The Doctor came next spring cleaning, and the strange thing was that he never knew he had missed a year. "I can't take you this time," he said, looking as if he was going to die. "There's nothing I can do to stop what's coming."


"I stole your childhood and now I've led you by the hand to your death. But the worst thing is I knew. I knew this would happen. This is what always happens. Forget your faith in me. I took you with me because I was vain. Because I wanted to be adored. Look at you, glorious Pond. The Girl Who Waited for me. I'm not a hero. I really am just a madman in a box. And it's time we say each other as we really are. Amy Williams. It's time to stop waiting."

That was the last time the girl Amelia ever saw him. The years came and went without bringing the careless boy; and when they met again Amy was a married woman, and the Doctor was no more to her than the toys she'd made of him. Amy Williams was grown up.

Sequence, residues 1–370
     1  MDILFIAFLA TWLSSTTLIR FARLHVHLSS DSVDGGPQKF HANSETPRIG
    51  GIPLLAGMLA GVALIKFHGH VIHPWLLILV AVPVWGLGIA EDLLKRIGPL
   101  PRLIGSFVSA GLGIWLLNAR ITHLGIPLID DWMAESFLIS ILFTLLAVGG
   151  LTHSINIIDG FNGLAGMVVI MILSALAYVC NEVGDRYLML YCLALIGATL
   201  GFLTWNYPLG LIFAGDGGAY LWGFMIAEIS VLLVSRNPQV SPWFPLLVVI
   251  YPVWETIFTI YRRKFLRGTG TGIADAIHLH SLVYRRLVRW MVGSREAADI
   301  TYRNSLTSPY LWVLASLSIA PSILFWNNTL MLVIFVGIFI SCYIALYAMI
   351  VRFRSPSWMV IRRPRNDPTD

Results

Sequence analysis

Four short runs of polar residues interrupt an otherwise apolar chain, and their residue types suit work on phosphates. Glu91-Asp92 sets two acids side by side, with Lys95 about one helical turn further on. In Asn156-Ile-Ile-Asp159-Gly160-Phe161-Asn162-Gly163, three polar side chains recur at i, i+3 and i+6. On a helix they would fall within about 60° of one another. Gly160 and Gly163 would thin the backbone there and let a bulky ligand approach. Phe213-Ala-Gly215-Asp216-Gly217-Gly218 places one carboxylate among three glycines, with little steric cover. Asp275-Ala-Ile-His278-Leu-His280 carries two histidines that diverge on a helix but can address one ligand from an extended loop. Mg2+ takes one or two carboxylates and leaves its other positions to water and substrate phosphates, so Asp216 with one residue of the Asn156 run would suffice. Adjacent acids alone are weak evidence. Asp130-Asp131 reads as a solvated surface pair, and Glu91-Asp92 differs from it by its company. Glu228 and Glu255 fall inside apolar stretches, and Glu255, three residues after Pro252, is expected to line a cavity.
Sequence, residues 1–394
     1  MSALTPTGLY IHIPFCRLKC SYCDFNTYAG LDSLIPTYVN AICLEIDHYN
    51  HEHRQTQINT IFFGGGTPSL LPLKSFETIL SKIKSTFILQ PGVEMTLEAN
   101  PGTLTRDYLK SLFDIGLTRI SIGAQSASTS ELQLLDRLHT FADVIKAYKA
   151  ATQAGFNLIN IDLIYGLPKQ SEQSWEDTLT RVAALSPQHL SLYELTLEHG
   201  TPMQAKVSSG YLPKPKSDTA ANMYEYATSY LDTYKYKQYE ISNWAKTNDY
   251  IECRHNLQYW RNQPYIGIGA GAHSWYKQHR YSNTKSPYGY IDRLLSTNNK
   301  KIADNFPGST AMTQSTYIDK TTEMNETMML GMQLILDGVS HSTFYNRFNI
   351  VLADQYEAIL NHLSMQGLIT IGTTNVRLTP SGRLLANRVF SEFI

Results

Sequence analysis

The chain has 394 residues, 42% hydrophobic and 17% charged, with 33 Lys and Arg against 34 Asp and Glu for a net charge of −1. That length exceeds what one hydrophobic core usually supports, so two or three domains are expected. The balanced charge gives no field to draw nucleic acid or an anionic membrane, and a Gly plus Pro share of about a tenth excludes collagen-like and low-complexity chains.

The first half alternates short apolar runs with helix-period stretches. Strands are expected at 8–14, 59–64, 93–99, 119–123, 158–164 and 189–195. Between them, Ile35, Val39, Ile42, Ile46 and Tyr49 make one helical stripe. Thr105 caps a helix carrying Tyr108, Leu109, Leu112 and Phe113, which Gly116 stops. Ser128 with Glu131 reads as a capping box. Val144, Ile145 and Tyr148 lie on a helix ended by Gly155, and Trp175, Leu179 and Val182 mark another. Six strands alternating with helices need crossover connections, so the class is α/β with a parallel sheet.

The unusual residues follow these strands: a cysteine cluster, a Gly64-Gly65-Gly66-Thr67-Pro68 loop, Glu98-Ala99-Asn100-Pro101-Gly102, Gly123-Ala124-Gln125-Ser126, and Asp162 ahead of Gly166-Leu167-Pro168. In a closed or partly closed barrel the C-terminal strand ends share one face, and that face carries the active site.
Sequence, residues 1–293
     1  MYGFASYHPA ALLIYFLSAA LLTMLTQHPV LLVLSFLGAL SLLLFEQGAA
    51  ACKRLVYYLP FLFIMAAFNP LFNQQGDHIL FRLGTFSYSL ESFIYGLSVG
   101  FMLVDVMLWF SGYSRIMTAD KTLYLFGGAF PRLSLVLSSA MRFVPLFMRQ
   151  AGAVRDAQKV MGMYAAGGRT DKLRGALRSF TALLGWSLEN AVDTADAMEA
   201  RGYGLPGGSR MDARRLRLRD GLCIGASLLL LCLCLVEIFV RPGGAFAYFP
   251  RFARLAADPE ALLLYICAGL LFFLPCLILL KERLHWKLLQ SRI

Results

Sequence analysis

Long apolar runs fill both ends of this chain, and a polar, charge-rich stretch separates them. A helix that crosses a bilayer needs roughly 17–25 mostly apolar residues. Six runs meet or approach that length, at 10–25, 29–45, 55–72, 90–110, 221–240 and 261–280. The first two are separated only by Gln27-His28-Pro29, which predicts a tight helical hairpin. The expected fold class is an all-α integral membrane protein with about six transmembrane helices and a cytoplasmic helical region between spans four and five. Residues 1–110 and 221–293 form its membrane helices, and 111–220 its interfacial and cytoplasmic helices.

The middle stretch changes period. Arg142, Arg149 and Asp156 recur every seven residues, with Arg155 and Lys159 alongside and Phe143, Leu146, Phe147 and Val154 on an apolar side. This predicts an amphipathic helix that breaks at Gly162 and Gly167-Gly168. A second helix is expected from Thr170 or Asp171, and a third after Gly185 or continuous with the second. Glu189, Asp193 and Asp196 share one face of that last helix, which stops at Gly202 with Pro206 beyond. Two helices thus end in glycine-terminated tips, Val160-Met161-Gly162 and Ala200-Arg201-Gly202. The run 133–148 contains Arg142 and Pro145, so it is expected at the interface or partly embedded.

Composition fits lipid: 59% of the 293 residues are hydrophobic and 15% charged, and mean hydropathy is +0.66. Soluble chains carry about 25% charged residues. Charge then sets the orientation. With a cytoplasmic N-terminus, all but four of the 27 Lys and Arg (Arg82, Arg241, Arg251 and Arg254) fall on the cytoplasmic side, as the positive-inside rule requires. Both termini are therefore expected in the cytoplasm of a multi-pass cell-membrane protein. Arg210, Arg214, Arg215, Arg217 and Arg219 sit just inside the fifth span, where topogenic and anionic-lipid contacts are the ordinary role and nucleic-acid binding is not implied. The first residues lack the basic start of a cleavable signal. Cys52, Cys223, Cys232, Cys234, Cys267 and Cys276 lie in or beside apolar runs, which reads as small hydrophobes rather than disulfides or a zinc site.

But Amy and Rory Williams had a daughter. This ought not to be written in ink but in a golden splash.

She was called Melody and sometimes River and always had an odd inquiring look, as if from the moment she arrived she wanted to ask questions. When she was old enough to ask them they were mostly about the Doctor. She loved to hear of the Doctor, and Amy and Rory told her all they could remember.

It was Amy's turn to put River to bed. That was the time for stories. It was River's invention to raise the sheet over her mother's head and her own, thus making a tent, and in the awful darkness to whisper:

"What do we see now?"